With food, dance and a very social and unique round of bingo, 34 new international students were welcomed to California State University, Dominguez Hills (CSUDH) by the College of Extended and International Education (CEIE) during its International Student Welcome Reception on Sept. 23.
The festivities included remarks from CEIE Dean Kim McNutt, Provost and Vice President for Academic Affairs Ellen Junn, and Acting Vice President for Enrollment Management and Student Affairs William Franklin. The event included “International Bingo”—an interactive game designed to help students get to know each other—presentations, and student dance and musical performances.
“Today shows the great diversity we have here on campus, and it’s my charge to grow this wonderful program and bring more international students to CSU Dominguez Hills,” said McNutt. “We are thinking both holistically and strategically about international students. However, it’s not just about bringing more students here, but also providing the services you really need, such as additional housing, access to events and assisting with student affairs, things that will make you all feel part of the campus community.”
The event included international students from the American Language and Culture Program, exchange students, USAID Scholarships for Education and Economic Development Program (SEED) participants from El Salvador, traditional students who had recently returned from studying abroad, F-1 students pursuing an academic degree at the institution, and others.
Alonso Sánchez, a new international student at CSUDH and a business major who transferred from Santa Monica College, is already making good connections on campus.
“This is a pretty cool place. I’ve met a lot of people from different countries already. I didn’t know it was so diverse,” he said. “I like business, particularly buying and selling products. It’s a family thing. My family owns its own business in Guadalajara, Mexico.”
McNutt announced during his welcome remarks that the CEIE is in the process of hiring an associate dean for international education to assist with attracting more students from other countries to CSUDH, to help streamline admissions, coordinate with student affairs and student life, and work with academic units and faculty.
During his remarks, Franklin discussed how the university is looking to increase international experiences within the student body and curriculum, and explore strategies to expand the voice of international students and make their experience on campus “even more fruitful.”
“We just had an exciting meeting with on-campus housing developers and will complete our feasibility study soon on the type and kind of new student housing we want,” he announced. “One of the pieces in that conversation was ‘What kind of considerations should we make for international students as we think about the design of our new student housing?’ So you are here at a key time—with a president who understands the needs of international students. We are all here to help foster access and success for you all.”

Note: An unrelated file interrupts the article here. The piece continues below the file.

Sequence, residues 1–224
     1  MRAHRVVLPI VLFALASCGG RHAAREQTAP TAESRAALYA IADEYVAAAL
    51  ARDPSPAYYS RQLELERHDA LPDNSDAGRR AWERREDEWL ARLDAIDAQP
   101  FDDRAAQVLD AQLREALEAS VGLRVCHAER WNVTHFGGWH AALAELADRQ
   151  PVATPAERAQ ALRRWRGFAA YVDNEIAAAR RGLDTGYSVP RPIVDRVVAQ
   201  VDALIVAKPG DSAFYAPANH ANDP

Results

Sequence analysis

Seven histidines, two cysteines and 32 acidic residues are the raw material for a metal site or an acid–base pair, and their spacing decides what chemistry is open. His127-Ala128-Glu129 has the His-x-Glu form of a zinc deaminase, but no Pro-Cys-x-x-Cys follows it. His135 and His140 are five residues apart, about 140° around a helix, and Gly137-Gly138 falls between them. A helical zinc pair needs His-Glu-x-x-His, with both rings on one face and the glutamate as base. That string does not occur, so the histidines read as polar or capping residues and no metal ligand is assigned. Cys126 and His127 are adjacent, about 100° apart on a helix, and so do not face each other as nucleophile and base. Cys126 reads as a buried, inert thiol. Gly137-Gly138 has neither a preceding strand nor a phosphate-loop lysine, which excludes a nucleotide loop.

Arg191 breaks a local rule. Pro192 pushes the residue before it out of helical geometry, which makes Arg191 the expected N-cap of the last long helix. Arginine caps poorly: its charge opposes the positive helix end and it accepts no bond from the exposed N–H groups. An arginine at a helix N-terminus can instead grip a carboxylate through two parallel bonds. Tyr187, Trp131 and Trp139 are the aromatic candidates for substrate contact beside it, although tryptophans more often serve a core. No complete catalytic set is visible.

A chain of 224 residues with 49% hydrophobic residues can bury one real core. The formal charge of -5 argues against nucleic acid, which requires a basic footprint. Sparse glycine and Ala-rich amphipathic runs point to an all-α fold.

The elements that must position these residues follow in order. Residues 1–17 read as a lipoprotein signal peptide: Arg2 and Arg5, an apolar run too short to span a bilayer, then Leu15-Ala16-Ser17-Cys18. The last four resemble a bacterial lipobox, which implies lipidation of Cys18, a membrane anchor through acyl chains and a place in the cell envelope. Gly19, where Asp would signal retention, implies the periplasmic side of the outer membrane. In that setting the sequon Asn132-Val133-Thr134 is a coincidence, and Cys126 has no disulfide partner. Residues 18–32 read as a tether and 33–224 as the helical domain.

Junn shared that of the 34 new international students that the most (17) came from Saudi Arabia. Other countries represented in the cohort included Sweden, France, Korea, New Zealand, Colombia, Cambodia, China, India, and Japan. These students receive support navigating immigration requirements and their transition to the university through International Student Services (ISS). The ISS office provides support services to matriculated international students pursuing a degree at the institution.
Enthusiastic about the growing number of international students at CSUDH—up from 88 last year to 100 this fall—Junn said the university’s goal is to reach 300 over the next few years. She also shared a bit of her family history.
“From a personal standpoint, if it weren’t for international education, I would not be standing here today. My parents were international students who both came from Korea approximately 60 years ago and were welcomed to the United States as graduate students,” she said.
Hillina Gebreyohannes, a master’s student studying education in her second year at CSUDH who currently works for International Student Services and serves as the Associated Students, Inc. representative for international students.
“I’ve had a great experience with everyone here at CSUDH. The fact that it’s a small campus enables me to integrate easily with students, the facilities and technology,” she said. “Working for ASI has helped me quickly integrate on campus. I also like the way ASI promotes leadership.”
When asked what advice she would give new international students, Gebreyohanness recommended, “Participate, participate, participate—in whatever you can. Get into the student clubs and go to events. Get out there.”
For more information about CSUDH’s international program for both foreign students to study at CSUDH and traditional students to study aboard, visit csudh.edu/iec.